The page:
Merck (known as MSD outside the United States and Canada) (NYSE:MRK) and Cardiome Pharma Corp. (NASDAQ: CRME/ TSX: COM) today announced that the intravenous (IV) formulation of BRINAVESS™ (vernakalant) has been granted marketing approval in the European Union (EU), Iceland and Norway for the rapid conversion of recent onset atrial fibrillation (AF) to sinus rhythm in adults: for non-surgery patients with AF of seven days or less and for post-cardiac surgery patients with AF of three days or less.
BRINAVESS acts preferentially in the atria and is the first product in a new class of pharmacologic agents for cardioversion of AF to launch in the EU.
"This medicine offers physicians, patients and hospitals an important new therapy option to use for the rapid treatment of recent-onset AF, and we are pleased to add this to our strong portfolio of medicines for cardiovascular disease," said Patrick Magri, senior vice president, general manager, Cardiovascular Franchise, Merck. "We welcome this important milestone in our collaboration with Cardiome and we look forward to launching BRINAVESS in the EU beginning in the fourth quarter of 2010."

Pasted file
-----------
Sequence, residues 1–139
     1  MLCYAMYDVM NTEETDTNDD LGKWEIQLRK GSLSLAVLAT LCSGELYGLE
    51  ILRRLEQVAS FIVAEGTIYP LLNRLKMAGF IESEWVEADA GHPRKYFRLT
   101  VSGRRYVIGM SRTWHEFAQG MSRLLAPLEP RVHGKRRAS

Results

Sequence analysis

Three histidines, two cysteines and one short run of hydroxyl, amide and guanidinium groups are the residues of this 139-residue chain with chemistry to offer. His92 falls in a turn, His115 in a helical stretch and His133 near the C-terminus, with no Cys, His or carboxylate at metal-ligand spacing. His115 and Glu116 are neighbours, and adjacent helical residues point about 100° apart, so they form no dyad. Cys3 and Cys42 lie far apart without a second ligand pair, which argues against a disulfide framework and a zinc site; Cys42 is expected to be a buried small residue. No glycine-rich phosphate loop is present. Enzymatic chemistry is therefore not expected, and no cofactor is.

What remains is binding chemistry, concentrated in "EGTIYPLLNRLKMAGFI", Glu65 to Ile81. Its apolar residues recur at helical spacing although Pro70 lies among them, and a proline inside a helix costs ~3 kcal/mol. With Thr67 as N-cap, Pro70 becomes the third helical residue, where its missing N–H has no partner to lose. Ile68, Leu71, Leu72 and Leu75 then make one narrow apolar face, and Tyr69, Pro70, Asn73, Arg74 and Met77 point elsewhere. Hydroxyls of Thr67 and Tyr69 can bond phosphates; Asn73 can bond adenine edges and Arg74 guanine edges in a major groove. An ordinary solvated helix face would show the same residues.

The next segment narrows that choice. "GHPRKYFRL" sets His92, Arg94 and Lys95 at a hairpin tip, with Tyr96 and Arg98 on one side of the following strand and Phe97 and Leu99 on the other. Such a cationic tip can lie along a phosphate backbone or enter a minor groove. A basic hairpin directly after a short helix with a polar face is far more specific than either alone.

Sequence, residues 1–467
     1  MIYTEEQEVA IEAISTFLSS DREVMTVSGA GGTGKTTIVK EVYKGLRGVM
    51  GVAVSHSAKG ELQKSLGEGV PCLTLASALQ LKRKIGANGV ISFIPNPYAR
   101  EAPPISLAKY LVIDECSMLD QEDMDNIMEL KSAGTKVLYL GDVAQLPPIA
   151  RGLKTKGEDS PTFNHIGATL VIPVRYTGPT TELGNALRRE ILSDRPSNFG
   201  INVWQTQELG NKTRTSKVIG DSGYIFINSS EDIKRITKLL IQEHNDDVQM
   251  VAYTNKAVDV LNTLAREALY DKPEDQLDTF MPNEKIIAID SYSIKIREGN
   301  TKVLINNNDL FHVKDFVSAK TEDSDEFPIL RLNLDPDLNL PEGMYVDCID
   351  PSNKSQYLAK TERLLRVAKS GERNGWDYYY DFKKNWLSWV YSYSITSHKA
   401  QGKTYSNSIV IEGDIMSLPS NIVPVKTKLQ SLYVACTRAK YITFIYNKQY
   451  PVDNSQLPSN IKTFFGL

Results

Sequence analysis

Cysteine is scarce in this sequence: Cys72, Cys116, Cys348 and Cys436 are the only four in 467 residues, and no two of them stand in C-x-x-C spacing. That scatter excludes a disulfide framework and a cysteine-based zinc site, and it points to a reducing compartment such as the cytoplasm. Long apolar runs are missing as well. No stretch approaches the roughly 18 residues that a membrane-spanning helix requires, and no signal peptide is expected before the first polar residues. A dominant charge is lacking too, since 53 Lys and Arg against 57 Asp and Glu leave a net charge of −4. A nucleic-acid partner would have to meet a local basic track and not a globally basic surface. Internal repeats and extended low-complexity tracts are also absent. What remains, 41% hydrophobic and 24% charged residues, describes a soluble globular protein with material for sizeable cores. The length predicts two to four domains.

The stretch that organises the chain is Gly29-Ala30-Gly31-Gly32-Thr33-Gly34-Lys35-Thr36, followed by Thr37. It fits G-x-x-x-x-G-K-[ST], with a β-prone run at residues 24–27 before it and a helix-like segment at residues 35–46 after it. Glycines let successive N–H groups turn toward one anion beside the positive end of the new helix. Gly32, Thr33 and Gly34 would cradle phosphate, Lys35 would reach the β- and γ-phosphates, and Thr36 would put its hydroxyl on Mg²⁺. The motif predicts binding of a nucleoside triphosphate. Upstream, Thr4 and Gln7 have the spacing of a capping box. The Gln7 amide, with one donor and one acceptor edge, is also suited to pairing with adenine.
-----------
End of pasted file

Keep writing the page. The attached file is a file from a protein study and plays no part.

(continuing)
"European approval of BRINAVESS and Merck’s subsequent launch represent an exciting juncture in Cardiome’s evolution which will provide us with our first commercial product revenues,” said Doug Janzen, president and chief executive officer of Cardiome. “This success was made possible through the commitment and hard work of our employees and our partner Merck, the support of our shareholders, and the efforts of many dedicated medical professionals and patients who have taken part in the clinical program.”Information on the clinical program for BRINAVESS The approval of BRINAVESS is based on the results of three randomized, double-blind, placebo controlled studies (ACT I, ACT II, and ACT III) and an active comparator trial (AVRO). In ACT I and III, the efficacy of BRINAVESS at converting patients from AF to sinus rhythm for a minimum duration of one minute with 90 minutes of initiating therapy was evaluated in 390 haemodynamically stable adult patients with short duration AF (3 hours to 7 days) versus placebo. In ACT I, vernakalant cardioverted 51.0 percent of patients versus 4.0 percent of patients taking placebo (n=74 and 3, respectively; p<0.0001). In ACT III, vernakalant cardioverted 51.2 percent of patients versus 3.6 percent of patients taking placebo (n=44 and 3, respectively; p<0.0001). Conversion of AF to sinus rhythm occurred rapidly; in responders, the median time to conversion was 10 minutes from start of first infusion, based on pooled results from the ACT I and ACT III studies.